And I'll tell you another story: 1992, Cedar Rapids, Iowa, huge rally we're having out in front of Quaker Oats. And I'm working the crowd—[laughter]—after the speech, grasping for votes. And there is this lady there, this tall white woman, holding an African-American baby. And I said, "Whose baby is this?" She said, "This is my baby." And I said, "Well, how did you get this baby?" She said, "From Miami." She said, "This child was born with AIDS, and no one would take her, and she was going to be homeless, and so I took her."

Now, this is a good story, right? But what you need to know is this woman was living in a rented apartment with her two kids because she had been left by her husband. And she barely had enough money to support her own kids, but she couldn't bear to see this child be left alone, so she took in the other child. Okay, fast-forward to today. Today, at that middle school, Mama was there, since remarried, doing fine, with her daughter, giving me a report on her son, holding that beautiful child who is almost too big for me to hold. And she has come repeatedly to the National Institutes of Health.

And I held her today, and I said, "Jimiya, how you doing?" She is so beautiful. And I have seen her a half a dozen times. She is so beautiful. And she said, "Oh, Mr. President, I'm giving myself my own shots now, and I'm going to be just fine."

Now, is this playing on your emotions? You bet it is. What is life about anyway? Tom Harkin didn't put a heart in that little girl or a heart in the mother. But she has a chance because of the kind of things he's fought all his public life for. And it is a beautiful story.

So I just ask you to be faithful to your friend Tom Harkin, to fight for the things we believe in. If your friends and neighbors wonder whether the President is right or whether the Republicans are right in saying we ought to take all the non-Social Security surplus and spend it on a tax cut right now and make everybody happy right here before the election, tell them that you think we have earned the benefit of the doubt with our record, and that, you know, we should not squander this. We ought to think about our children's future. We ought to think about what we're going to do when the baby boomers retire. We ought to think about how we can make everybody a part of this economy. And remember the stories. That's part of what makes us who we are.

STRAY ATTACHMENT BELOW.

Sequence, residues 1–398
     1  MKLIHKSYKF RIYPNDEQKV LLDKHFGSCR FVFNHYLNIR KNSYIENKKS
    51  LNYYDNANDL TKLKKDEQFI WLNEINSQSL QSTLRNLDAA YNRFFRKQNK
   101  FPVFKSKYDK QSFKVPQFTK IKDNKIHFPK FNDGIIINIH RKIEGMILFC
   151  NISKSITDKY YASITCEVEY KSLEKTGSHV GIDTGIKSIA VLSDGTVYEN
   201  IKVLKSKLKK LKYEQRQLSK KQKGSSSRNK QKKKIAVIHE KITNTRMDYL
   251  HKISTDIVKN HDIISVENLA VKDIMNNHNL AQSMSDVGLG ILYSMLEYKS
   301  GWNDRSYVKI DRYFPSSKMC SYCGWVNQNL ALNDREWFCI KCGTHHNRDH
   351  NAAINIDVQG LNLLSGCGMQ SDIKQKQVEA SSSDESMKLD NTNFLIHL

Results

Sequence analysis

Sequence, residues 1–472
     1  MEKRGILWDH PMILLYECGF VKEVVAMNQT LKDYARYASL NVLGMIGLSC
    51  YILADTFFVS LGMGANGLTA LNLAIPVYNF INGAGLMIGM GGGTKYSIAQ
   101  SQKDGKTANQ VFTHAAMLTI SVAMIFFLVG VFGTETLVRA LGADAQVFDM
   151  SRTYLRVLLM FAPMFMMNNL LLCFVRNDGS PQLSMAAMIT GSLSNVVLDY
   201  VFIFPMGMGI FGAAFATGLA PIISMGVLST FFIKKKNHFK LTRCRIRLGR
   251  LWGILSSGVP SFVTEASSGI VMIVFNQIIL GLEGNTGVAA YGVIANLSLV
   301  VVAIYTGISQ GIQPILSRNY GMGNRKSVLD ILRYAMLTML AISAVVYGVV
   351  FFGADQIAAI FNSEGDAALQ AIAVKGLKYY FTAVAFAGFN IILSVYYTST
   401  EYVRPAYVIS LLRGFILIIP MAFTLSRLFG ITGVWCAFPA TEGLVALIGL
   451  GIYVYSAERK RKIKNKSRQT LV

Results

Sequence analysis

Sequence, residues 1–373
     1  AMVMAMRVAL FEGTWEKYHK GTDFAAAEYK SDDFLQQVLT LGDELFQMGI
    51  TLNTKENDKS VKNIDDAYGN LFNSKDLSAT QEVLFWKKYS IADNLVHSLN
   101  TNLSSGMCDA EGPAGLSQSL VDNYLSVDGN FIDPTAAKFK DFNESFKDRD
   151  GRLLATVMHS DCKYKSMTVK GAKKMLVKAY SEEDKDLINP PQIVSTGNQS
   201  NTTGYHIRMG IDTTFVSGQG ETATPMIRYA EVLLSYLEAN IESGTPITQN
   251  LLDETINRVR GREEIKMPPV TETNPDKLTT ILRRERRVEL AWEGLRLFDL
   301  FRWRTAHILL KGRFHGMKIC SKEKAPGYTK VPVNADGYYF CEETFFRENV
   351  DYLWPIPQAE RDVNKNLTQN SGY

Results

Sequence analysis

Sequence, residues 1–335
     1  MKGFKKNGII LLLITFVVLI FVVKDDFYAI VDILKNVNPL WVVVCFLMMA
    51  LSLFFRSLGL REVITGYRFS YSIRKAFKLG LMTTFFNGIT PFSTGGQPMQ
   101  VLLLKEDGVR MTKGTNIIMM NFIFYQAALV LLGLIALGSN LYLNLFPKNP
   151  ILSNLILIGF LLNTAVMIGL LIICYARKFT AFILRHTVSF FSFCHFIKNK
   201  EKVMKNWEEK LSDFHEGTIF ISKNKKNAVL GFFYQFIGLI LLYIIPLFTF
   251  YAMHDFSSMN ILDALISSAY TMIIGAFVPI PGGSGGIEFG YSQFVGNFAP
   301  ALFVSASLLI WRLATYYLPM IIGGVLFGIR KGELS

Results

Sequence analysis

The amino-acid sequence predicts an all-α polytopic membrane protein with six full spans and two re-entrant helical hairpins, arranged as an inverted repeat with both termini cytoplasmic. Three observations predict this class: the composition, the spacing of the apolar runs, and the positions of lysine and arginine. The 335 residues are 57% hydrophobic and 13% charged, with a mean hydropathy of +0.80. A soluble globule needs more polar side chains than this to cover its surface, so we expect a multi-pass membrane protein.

It's not about power. It's about ideas and action, and in the end, it's about people. When you breathe your last breath, you are not going to be thinking about what some arcane political philosophy was that you embraced. You're going to be thinking about who you liked, who you loved, how you felt when the seasons changed, and what you're proud of that you did for somebody else. And I want to be part of a political party that tries to give those gifts to America.

Thank you very much.

NOTE: The President spoke at 7:35 p.m. at a private residence. In his remarks, he referred to dinner hosts Jerry and Linda Crawford; Gov. Thomas Vilsack of Iowa, and his wife, Christie; Lt. Gov. Sally Pederson of Iowa; Senator Harkin's wife, Ruth, former President and Chief Executive Officer, Overseas Private Investment Corporation; former Congressman Neal Smith and his wife, Beatrix; American University student Brianne Schwantes who suffers from brittle bone disease; and Laura Poisel and her adoptive daughter, Jimiya, who was born with AIDS. The President also referred to the Federal Agriculture Improvement and Reform Act of 1996 (Public Law 104- 127). A tape was not available for verification of the content of these remarks.

William J. Clinton, Remarks at a Dinner for Senator Tom Harkin in Des Moines Online by Gerhard Peters and John T. Woolley, The American Presidency Project

Filed Under





Simple Search of Our Archives